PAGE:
But here’s the key metric for any new habit: inevitably, one day you’ll miss or forget or somehow not do the new task. Let that roll off your shoulders and stay focused on the overall goal. Adjust if you have to and try not to miss two in a row. It was a lesson I applied yesterday.
The year 2022 was not a good one for me writing-wise. As such, a major resolution for me was to get back in the habit of writing. Taking a cue from key message from author Mary Robinette Kowal at her book signing here in Houston back in November, I’m starting the year off with a brand-new story. Yes, I have multiple unfinished stories, but am channeling Kowal’s theory of why NaNoWriMo works for her: the writing is Novel, Interesting, Challenging, and Urgent.
So, for me, the new book is novel (as in brand-new). I’m interested in the story I’m telling. I find it challenging in that I’m starting from a story pitch and a general sense of what kind of story it is and how I want to tell it. As for urgency, I would love to finish the story by 31 January, but I’m allowing myself a goal of six weeks. I’ll grant myself until 28 February if things get complicated.
Crucially, I don’t have a set writing goal in terms of word count. All that matters is forward progress. I started the year with 1,028 words, a great start considering I haven’t written fiction in months. I topped 1,600 words twice this week, both on days in which I went into the office (Tuesdays, Wednesdays, and Thursdays). By the time yesterday rolled around, my first work-from-home day of the year, I was excited: with no commute, I could wake at the same time and get a substantial chunk of writing done before I logged into my work computer.
That was the plan. Didn’t work out that way.
I had Alexa set to sound the alarm at 5:30am. As a bit of background, the Christmas break was not as restful as I wanted and I’ve been trying to catch up on sleep. I’ve been tired this week and, despite my attempt to get up at the alarm, I was still catching up. “Alexa,” I said yesterday morning into the dark, “set an alarm for 5:45.” With those words, I rolled over for an extra fifteen minutes.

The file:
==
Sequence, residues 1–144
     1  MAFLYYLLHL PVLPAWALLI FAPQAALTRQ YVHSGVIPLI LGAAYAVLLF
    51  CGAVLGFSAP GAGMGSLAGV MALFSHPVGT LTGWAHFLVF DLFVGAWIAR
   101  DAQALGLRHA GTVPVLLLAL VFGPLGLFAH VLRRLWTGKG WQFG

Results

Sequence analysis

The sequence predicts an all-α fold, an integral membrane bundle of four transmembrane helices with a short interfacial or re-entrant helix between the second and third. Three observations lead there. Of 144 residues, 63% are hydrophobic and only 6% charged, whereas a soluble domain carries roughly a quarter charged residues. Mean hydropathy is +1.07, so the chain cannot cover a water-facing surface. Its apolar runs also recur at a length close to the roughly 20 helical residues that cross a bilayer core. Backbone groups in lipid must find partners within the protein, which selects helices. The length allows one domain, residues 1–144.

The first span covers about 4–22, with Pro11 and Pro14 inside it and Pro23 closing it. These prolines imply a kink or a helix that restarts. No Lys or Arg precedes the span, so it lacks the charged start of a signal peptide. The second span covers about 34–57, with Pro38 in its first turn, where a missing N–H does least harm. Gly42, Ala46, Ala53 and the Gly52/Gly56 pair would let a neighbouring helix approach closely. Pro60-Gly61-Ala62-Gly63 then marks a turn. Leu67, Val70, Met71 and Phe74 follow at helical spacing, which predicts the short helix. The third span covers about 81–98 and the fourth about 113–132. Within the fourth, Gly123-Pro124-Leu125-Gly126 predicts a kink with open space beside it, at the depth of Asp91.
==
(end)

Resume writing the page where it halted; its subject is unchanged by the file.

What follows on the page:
Forty-seven minutes later, I woke. Still in the dark. I smiled at myself for thinking I was so excited and ready to get to writing that I had beaten the alarm. I checked my digital watch. 6:17am. What the heck? Did the power go out? Nope, the ceiling fan was spinning. Puzzled, I asked Alexa what the alarm was set for. “5:45pm.”
That brought a huge sigh from me. Sure, I needed the sleep, but I had slept through my writing time. I only had time to get up, take out the dogs, shower, eat breakfast, and get to work. What would become of my new daily writing habit?
I worked really hard on all my day job activities, got them all complete, and, late in the afternoon, I opened up my writing computer and picked up where I left off during my Thursday lunch hour. To be honest, it was weird writing so late in the day. I became a morning writer ten years ago—lunch hour writer when I have to go into the office—so it’s been a long time since I wrote fiction so late in the day.
But you know what? It worked. I made forward progress, clocked in 1,694 new words, and my writing resolution remained intact. All is good.
The key takeaway: Life will throw curve balls at your resolutions. Take the hits if you can and adjust accordingly. Just stay focused on the end goal: becoming a better you.
Do you have your New Year’s resolutions planned yet?
Yeah, yeah, I know it’s still two weeks away but this will be my last post at Do Some Damage until January. But I’ve already started thinking and planning the things I want to accomplish in 2023 and it is really important to kick off the year on a good note.